glycogenosis


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glycogenosis

 [gli″ko-jĕ-no´sis]
generalized glycogenosis Pompe's disease.
hepatorenal glycogenosis Gierke's disease.
myophosphorylase deficiency glycogenosis McArdle disease.

gly·co·ge·no·sis

(glī'kō-jĕ-nō'sis),
Any of the glycogen deposition diseases characterized by accumulation of glycogen of normal or abnormal chemical structure in tissue; there may be enlargement of the liver, heart, or striated muscle, including the tongue, with progressive muscular weakness. Seven types (Cori classification) are recognized, depending on the enzyme deficiency involved, all of autosomal recessive inheritance, but with a different gene for each enzyme deficiency. [MIM designations: I, *232200, *232220, *232240; II, *232300; III, *232400; IV, *232500; V, *232600; VI, *232700; VII, *232800].

glycogenosis

(glī′kə-jĕ-nō′sĭs)
n. pl. glycogeno·ses (-sēz′)

glycogenosis

Glycogen storage disease, see there.

gly·co·ge·no·sis

(glī'kō-jĕ-nō'sis)
Any glycogen deposition disease characterized by accumulation of glycogen of normal or abnormal chemical structure in tissue; there may be enlargement of the liver, heart, or striated muscle, including the tongue, with progressive muscular weakness.
Synonym(s): dextrinosis.

Glycogenosis

An alternate term for glycogen storage disease. The plural form is glycogenoses.

gly·co·ge·no·sis

(glī'kō-jĕ-nō'sis)
A glycogen deposition disease characterized by accumulation of glycogen of normal or abnormal chemical structure in tissue; may be enlargement of the liver, heart, or striated muscle, including the tongue.
References in periodicals archive ?
Batch, "Hepatic glycogenosis: Reversible hepatomegaly in type 1 diabetes," Journal of Paediatrics and Child Health, vol.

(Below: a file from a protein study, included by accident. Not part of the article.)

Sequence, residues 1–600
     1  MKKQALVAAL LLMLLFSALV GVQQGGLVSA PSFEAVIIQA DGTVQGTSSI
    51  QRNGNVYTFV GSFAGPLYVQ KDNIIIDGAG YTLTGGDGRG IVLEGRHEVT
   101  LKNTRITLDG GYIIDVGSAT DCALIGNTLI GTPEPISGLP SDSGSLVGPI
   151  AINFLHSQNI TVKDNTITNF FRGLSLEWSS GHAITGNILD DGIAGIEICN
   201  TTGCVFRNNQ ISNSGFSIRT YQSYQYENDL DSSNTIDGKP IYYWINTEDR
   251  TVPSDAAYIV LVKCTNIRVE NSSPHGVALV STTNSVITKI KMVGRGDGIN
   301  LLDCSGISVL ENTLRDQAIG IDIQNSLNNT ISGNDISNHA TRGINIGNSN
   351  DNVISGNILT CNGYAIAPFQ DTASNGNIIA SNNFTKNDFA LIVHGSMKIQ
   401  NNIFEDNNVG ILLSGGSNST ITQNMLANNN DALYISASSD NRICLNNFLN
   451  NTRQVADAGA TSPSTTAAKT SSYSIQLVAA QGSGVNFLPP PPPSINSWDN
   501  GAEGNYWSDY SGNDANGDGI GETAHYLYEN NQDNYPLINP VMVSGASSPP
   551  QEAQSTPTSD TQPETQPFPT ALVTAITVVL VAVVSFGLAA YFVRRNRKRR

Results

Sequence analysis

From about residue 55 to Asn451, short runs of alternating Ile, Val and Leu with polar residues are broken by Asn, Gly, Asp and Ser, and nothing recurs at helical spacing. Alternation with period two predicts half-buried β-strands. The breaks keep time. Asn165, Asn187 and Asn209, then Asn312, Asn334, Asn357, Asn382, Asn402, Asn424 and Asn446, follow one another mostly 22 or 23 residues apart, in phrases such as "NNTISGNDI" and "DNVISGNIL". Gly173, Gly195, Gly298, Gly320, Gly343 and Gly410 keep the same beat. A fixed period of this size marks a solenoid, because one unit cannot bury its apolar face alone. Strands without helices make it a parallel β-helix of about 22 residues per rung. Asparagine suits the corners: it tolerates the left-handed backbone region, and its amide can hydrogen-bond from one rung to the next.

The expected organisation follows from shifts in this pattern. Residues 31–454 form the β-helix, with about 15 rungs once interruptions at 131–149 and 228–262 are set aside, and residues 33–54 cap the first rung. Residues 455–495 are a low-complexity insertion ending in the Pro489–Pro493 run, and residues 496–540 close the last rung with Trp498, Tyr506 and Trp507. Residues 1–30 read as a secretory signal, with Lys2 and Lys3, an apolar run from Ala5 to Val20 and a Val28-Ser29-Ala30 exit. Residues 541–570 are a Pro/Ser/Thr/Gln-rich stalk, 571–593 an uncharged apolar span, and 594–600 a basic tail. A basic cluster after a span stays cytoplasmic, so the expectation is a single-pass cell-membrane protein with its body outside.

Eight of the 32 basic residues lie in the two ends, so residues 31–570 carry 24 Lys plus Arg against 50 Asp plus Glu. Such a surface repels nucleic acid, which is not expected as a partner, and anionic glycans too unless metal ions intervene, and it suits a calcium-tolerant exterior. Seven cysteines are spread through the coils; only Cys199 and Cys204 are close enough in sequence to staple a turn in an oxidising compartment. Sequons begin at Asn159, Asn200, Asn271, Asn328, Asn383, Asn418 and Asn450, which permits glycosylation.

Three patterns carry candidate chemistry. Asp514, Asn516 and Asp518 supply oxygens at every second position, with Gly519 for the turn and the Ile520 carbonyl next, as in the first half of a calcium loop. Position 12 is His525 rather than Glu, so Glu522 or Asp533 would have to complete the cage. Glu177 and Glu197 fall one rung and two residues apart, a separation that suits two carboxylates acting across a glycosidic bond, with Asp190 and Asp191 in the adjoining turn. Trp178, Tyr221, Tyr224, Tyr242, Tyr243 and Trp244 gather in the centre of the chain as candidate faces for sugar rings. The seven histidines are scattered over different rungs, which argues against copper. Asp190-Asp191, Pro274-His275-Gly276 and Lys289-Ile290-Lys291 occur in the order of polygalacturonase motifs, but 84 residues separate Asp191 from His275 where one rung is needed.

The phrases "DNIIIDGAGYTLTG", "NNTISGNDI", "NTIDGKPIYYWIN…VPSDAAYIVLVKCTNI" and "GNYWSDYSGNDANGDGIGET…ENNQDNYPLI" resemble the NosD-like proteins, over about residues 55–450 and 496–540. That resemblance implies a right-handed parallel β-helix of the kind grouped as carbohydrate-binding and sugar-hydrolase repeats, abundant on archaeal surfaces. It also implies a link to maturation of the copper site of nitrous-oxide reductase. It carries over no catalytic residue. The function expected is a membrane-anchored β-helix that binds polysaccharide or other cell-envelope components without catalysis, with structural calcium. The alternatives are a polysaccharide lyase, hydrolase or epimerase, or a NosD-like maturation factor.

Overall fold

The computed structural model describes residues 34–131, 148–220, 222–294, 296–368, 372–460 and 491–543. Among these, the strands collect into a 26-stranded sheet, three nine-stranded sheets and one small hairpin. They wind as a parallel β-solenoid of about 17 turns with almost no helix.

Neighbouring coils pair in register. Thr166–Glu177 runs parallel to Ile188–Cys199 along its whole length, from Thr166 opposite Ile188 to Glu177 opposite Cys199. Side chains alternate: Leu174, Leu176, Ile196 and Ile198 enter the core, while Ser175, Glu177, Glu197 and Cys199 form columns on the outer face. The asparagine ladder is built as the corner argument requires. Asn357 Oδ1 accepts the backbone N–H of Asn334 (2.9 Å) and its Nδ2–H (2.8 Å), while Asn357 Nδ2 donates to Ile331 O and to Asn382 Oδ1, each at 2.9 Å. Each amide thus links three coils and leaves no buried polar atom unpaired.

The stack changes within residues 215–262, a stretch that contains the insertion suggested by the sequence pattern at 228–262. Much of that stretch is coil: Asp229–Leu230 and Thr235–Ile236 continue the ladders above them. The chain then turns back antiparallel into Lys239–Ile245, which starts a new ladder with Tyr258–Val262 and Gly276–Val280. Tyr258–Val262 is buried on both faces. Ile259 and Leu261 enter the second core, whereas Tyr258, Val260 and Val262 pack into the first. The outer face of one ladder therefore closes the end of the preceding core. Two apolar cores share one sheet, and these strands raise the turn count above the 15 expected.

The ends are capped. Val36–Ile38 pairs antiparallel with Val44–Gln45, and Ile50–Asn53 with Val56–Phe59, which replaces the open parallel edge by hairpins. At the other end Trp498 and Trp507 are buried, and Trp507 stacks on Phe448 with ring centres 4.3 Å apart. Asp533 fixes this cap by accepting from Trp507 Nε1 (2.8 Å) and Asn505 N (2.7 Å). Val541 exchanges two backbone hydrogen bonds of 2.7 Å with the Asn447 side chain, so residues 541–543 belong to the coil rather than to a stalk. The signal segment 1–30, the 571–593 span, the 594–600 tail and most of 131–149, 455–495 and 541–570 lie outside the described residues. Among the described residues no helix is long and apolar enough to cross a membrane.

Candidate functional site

Manfredi, "Elevation of transaminases as an early sign of late-onset glycogenosis type II," European Journal of Pediatrics, vol.
Glycogen storage disease (GSD) or glycogenosis include hereditary diseases caused by abnormalities of the enzymes that regulate the synthesis and degradation of glycogen.
Included in this group are disorders presenting as a predominant hypoglycaemia like glycogenosis, gluconeogenesis defects and hyperinsulinism, the fatty acid oxidation disorders, and the congenital lactic acidaemias (deficiencies of pyruvate carboxylase, pyruvate dehydrogenase, Krebs cycle and mitochondrial respiratory chain disorders).
Individuals with glycogen storage disease or with poorly controlled diabetes have excessive storage of glycogen in their livers (glycogenosis) and increased risk of liver cancer (Adami et al.
These disorders affect the breakdown of glycogen or glucose (complex and simple carbohydrates) and are also called glycogenosis disorders.
We diagnosed the patient as Mauriac syndrome with the findings of growth retardation, poorly controlled diabetes, hepatomegaly, and hepatic glycogenosis. Genetic analysis was performed to exclude congenital glycogen storage disease type-1 (GSD-1).
Note that some nuclei have cleared chromatin (nuclear glycogenosis), which can be seen in various metabolic conditions, such as diabetes mellitus (Hematoxylin and Eosin staining at 400x magnification).
Long-term course of hepatic glycogenosis. A retrospective study of 76 cases.
Glycogenosis Type II: Protein and DNA analysis in five South African families from various ethnic origins.